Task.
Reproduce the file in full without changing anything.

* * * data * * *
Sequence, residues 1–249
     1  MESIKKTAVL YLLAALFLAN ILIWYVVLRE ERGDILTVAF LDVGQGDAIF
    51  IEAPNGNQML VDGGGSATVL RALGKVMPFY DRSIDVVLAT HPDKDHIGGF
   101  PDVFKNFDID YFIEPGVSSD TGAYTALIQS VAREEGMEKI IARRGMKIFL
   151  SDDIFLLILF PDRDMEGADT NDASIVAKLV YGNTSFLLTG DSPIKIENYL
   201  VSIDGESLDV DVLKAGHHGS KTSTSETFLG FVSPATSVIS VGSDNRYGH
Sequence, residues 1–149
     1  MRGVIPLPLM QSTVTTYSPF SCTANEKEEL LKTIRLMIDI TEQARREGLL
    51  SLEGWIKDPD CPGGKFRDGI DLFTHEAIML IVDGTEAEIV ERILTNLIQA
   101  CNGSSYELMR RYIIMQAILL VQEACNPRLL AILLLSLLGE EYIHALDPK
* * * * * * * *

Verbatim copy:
Sequence, residues 1–249
     1  MESIKKTAVL YLLAALFLAN ILIWYVVLRE ERGDILTVAF LDVGQGDAIF
    51  IEAPNGNQML VDGGGSATVL RALGKVMPFY DRSIDVVLAT HPDKDHIGGF
   101  PDVFKNFDID YFIEPGVSSD TGAYTALIQS VAREEGMEKI IARRGMKIFL
   151  SDDIFLLILF PDRDMEGADT NDASIVAKLV YGNTSFLLTG DSPIKIENYL
   201  VSIDGESLDV DVLKAGHHGS KTSTSETFLG FVSPATSVIS VGSDNRYGH
Sequence, residues 1–149
     1  MRGVIPLPLM QSTVTTYSPF SCTANEKEEL LKTIRLMIDI TEQARREGLL
    51  SLEGWIKDPD CPGGKFRDGI DLFTHEAIML IVDGTEAEIV ERILTNLIQA
   101  CNGSSYELMR RYIIMQAILL VQEACNPRLL AILLLSLLGE EYIHALDPK